America’s Offshore Dilemma

Though boasting a significantly smaller population than countries such as China or India, the United States consumes more oil per year than any other country. In fact, according to the Energy Information Administration, the United States consumes roughly 7 billion barrels of oil annually, roughly 25% of all oil produced in the world. As such, our nation’s energy policy has been, and continues to be, almost entirely focused on oil production and importation.

While US oil consumption is great, the nation’s contribution to global oil production is quite limited. In fact, the US contributes less than 10% to global oil reserves each year, causing it to be heavily reliant on foreign oil imports to meet energy demands. While this has been the case for many years, the extent of our nation’s reliance on foreign oil has greatly varied over the past 50 years. While we imported just over 20% of our oil back in 1970, this number shot up considerably during the next couple of decades (to 60% in 2005). Prompted by fears over the consequences of being overly reliant on imports, efforts to increase domestic production have intensified in recent years. And much of this pressure has been directed towards offshore drilling activities in our coastal waters.

As I talk about in my paper, offshore drilling has becoming an increasingly important aspect of the U.S. energy policy. Improved technologies as well as government incentives have pushed the oil industry to ramp up exploration and drilling efforts in the United States Outer Continental Shelf. As such, the US has been able to gradually reduce its foreign dependence, but it has not come without significant costs.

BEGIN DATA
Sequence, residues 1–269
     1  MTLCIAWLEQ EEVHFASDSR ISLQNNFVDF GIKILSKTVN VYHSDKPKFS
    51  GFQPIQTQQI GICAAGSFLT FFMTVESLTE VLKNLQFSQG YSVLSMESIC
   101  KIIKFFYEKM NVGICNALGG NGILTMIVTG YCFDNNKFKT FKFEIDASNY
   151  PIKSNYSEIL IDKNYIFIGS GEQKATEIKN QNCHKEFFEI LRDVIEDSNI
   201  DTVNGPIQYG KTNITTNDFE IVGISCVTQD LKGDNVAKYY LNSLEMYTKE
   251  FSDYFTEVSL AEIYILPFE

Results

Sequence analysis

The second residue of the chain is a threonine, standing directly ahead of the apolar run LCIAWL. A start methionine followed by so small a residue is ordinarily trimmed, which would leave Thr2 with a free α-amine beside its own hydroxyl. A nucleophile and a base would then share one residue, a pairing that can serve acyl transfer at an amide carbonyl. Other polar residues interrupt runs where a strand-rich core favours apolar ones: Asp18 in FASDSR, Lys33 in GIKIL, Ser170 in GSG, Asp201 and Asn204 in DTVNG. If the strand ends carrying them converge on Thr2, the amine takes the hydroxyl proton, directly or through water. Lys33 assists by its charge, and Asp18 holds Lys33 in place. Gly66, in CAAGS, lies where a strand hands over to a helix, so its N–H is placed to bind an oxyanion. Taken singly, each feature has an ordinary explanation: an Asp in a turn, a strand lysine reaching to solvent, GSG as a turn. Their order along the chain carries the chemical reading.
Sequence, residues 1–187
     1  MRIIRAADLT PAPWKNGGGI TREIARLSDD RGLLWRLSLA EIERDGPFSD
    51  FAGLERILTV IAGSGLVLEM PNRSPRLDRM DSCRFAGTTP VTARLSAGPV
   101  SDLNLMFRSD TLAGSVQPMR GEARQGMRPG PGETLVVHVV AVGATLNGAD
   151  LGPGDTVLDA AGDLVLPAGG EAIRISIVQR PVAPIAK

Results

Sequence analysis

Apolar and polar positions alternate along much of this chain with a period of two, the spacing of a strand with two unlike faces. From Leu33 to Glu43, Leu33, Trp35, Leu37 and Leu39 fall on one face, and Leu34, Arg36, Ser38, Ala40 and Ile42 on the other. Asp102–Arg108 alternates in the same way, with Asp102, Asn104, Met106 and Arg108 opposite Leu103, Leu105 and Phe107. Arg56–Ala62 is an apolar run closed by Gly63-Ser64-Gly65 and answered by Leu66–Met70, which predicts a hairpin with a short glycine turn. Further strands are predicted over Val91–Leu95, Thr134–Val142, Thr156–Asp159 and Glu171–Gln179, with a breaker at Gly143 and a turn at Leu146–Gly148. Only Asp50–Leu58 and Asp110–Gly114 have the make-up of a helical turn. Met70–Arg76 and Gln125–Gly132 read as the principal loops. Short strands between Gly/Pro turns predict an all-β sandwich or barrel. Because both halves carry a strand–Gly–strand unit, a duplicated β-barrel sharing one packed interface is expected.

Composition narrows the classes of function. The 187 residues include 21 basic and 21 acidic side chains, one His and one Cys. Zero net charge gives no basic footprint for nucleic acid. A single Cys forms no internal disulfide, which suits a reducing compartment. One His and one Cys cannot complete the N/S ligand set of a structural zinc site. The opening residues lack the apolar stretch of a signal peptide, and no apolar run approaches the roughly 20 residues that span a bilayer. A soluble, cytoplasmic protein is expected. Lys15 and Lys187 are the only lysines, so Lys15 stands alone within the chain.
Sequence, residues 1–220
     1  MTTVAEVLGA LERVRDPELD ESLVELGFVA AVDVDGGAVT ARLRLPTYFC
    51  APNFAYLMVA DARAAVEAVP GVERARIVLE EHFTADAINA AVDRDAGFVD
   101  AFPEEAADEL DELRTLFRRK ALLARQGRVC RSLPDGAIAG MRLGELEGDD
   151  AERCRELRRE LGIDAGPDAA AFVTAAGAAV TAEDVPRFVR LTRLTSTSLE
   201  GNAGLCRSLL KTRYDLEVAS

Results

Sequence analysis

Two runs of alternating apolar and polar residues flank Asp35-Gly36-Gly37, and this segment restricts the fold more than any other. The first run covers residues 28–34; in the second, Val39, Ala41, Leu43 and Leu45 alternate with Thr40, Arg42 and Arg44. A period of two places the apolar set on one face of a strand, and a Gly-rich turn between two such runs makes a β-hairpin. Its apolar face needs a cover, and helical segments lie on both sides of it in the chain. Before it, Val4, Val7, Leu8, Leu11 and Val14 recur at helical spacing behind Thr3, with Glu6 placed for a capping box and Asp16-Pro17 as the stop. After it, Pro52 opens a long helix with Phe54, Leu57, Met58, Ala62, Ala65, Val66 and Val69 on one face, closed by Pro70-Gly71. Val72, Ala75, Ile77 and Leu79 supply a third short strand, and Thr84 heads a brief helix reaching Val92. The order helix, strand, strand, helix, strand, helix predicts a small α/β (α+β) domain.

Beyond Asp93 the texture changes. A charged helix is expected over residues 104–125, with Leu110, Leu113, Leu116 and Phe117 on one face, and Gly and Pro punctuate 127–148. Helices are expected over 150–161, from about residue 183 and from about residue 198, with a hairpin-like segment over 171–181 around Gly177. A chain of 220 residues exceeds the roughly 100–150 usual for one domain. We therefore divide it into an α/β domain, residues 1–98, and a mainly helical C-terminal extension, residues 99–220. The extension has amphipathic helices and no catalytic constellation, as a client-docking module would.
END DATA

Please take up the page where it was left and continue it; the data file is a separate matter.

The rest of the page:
In 2010, the U.S. witnessed the most devastating manmade disaster in its history when the BP-operated Deepwater Horizon exploded in the deep waters of the Gulf of Mexico. Spewing massive amounts of oil into the Gulf for 85 straight days, the accident demonstrated the potential perils of drilling in such deepwater environments. Almost four years after the spill, pressures to expand drilling activities are intensifying once again. And so, in my paper, I seek to make recommendations to federal officials (Congress and the President) about the role that offshore drilling should play moving forward.

With the support of much research, I implore our nation follow a balanced approach to offshore drilling. While recognizing its importance to both US oil needs as well as the economy, I also point out that the US must shift some focus to investments in renewable energy. In the end, I strongly believe that our nation must acknowledge the political and environmental costs of its ‘addiction’ to oil and, as such, must push towards a more sustainable policy.


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